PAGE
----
09.09. – 21.10.23
Dorian Sari born in 1989, in Izmir, Turkey. Studied Political Science and Languages, Greek literature at Paris Sorbonne University, Visual Art at HEAD Geneva, and Visual Art Institut Kunst Basel. They live and work in Basel and Geneva, Switzerland.
Dorian Sari is an observer of public reactions to contemporary politics and social movements. The main core of their work is looking into human beings, cultures and projecting them with personal and collective mythology into completely fictional, theatrical scenes, based on anthropological and psychoanalytical interpretation of humans and their symbols. They create a certain perspective for a certain period in their narrations. Mostly in the form of sculpture, video, and performance. Their goal is requestioning cultural norms and hierarchies.
Sari’s work has recently been presented at; Musée d’Art Modern du Grand Duc Jean de Luxembourg, Luxembourg (2023); Kunsthalle Geneva, Switzerland (2022); Kunstmuseum Basel, Switzerland (2021); Gallery Öktem & Aykut, Turkey (2021). In 2021 they received the Manor Kunstpreis and in 2019 the Swiss Art Awards Switzerland.
We hide in order to be seeked. It is a desire as ancient as the fresco found in the volcano-buried city of Herculaneum showing three cupids at play, what was then called ‘apodidraskinda’. Children take a particular pleasure in hiding, not because they will be found in the end, but by the very act of hiding—of being concealed in a laundry basket or a cabinet, of curling up in the corner of a garden—to the point of almost disappearing. How smooth we go in hiding may become a dominant strategy for survival and self-protection in contemporary life, to hide the fragilities and vulnerabilities that make us humans who we are. Sometimes it is in that hiding that some of the most precious pieces of literature and poetry appear. How clever we get in seeking may signify a potential lust and curiosity for life, always looking for something and not afraid of being seen. Dorian Sari is ever curious about the mysterious relationalities we play as humans to make ourselves and a society that come together in relation. What kinds of roles, positions, and stigmas do we choose to become? What do we actually say in between what we don’t say? Sari focuses on objects, scenes, moments, and words that may go unnoticed in what they trigger in the fast pace of today’s life. They are interested in the emotions that shape the very surfaces of bodies, following Sara Ahmed’s Spinoza-inspired thinking when she notes how attending to emotions shows us how all actions are reactions, in the sense that what we do is shaped by the contact we have with others. They seek to debunk, in the end, the Western myth of individuality, the kind of identity politics it produces, and the symbolic capital it plays with in order to feed itself. The photography installation series ‘The Itch is Back’ (2022–ongoing), present in the heart of ‘Hide and Seek’ with some freshly produced editions, is a good example of how the artist plays with the performative as an exercise of versatility in the visual economy of reproducing the self. They are their various ‘victim’ selves in these images. Yet they are also the ones that hit and crack the glass in front of them, hinting at how, as ‘homo ludens’, the playing human, we create the cyclical games with ourselves in the first place. In this parody, Sari portrays us as our own aggressors and victims before anyone else. ... continue reading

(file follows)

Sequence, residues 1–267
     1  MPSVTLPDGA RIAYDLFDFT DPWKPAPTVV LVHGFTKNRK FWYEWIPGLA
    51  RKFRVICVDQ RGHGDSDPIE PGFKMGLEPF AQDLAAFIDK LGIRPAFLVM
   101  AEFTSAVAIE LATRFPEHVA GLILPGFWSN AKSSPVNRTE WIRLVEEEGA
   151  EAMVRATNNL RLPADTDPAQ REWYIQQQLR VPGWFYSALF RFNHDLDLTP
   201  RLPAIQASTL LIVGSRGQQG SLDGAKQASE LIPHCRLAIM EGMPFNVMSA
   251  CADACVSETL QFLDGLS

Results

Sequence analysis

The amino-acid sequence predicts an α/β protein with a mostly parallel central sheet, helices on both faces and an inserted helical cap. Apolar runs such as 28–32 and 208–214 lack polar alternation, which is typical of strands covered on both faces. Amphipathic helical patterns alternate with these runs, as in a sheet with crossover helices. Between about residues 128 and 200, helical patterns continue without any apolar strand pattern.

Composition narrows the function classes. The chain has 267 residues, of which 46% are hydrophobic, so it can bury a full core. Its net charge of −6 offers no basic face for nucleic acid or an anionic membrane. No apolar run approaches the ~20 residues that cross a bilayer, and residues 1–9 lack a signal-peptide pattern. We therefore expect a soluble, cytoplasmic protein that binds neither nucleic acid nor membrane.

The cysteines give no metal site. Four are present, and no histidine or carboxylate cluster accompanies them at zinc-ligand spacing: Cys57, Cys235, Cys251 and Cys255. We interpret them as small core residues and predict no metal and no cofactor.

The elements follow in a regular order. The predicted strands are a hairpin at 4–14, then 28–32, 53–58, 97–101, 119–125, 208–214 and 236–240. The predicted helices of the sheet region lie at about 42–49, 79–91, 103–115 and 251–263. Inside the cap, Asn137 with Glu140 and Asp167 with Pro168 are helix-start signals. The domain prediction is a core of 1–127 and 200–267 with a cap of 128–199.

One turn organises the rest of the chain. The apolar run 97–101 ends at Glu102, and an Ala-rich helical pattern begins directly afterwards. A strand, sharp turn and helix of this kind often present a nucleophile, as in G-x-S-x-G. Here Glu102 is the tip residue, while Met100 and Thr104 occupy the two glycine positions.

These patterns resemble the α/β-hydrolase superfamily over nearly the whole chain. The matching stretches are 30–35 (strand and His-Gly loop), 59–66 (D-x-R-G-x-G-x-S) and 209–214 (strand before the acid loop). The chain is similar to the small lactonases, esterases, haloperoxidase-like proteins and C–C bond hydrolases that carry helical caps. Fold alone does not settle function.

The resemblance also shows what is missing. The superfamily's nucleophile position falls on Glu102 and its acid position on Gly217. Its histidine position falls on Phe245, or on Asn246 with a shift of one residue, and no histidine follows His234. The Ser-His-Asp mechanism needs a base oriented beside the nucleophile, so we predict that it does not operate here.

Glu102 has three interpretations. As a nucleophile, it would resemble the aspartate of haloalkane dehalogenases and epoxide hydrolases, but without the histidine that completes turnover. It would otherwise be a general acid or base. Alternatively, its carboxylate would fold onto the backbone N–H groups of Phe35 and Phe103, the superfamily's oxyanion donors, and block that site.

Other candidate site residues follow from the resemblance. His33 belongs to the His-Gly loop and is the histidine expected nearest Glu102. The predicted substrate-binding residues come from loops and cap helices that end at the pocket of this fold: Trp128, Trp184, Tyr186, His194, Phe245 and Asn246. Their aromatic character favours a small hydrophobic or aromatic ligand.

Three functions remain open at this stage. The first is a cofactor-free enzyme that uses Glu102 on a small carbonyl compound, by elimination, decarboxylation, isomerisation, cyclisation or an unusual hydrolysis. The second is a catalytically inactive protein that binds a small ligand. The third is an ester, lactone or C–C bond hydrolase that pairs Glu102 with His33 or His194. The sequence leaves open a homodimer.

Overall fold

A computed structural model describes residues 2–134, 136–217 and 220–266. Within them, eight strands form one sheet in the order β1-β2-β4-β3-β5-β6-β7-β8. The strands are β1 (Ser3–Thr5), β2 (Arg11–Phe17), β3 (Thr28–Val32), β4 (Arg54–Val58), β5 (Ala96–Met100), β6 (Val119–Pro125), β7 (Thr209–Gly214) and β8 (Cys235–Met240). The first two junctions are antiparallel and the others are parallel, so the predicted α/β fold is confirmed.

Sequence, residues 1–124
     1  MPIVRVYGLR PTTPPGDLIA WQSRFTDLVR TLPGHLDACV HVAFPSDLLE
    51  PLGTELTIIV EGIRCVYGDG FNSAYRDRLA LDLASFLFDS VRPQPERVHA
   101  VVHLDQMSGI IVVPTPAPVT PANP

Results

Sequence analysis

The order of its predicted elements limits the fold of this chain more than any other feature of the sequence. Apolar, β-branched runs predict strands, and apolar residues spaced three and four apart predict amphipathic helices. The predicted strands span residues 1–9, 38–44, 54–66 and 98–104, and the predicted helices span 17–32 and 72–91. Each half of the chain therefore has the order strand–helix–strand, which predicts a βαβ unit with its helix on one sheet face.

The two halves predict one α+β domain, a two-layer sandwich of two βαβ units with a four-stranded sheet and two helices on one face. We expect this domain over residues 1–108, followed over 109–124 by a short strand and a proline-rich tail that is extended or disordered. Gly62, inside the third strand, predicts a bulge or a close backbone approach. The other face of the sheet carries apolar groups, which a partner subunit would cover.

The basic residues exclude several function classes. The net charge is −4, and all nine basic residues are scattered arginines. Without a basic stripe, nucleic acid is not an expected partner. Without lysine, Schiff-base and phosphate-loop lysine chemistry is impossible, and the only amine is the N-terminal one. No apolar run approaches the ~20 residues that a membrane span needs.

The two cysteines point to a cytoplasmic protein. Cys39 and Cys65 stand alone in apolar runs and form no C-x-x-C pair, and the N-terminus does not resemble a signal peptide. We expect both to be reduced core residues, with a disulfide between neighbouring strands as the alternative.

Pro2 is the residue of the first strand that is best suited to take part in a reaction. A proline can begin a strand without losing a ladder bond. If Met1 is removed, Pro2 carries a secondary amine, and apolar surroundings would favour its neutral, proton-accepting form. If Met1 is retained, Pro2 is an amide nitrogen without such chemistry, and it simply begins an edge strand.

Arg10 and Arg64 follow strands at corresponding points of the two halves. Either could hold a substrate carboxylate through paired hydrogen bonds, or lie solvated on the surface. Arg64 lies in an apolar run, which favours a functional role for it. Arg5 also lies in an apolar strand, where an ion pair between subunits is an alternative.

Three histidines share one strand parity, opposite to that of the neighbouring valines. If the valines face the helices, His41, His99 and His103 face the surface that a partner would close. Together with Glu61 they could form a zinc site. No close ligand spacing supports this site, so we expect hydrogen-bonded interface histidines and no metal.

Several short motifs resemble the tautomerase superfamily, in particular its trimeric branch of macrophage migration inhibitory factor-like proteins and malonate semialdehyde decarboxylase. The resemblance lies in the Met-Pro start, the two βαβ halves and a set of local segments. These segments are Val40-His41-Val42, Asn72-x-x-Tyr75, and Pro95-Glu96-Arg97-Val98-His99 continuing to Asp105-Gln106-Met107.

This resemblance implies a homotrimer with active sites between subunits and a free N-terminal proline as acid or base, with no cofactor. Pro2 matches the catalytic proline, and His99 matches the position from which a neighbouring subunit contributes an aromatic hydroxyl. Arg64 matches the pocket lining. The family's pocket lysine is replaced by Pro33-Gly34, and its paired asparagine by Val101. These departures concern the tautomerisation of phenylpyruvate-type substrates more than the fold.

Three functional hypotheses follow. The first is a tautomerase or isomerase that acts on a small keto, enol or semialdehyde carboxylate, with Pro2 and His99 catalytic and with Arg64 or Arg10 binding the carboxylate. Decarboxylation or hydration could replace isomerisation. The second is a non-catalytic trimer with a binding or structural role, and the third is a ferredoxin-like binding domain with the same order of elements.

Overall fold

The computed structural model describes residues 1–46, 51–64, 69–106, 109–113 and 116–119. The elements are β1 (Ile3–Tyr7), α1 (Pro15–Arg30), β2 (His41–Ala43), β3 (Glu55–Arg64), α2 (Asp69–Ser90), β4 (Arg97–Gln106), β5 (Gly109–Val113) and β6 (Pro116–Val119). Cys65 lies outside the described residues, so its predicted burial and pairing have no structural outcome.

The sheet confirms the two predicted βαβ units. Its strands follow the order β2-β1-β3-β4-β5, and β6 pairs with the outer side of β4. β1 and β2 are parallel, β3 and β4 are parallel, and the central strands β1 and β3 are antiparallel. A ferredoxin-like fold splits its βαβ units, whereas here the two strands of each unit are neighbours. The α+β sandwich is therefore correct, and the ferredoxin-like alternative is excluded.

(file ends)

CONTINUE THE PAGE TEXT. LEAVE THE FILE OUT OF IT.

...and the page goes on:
09.09. – 21.10.23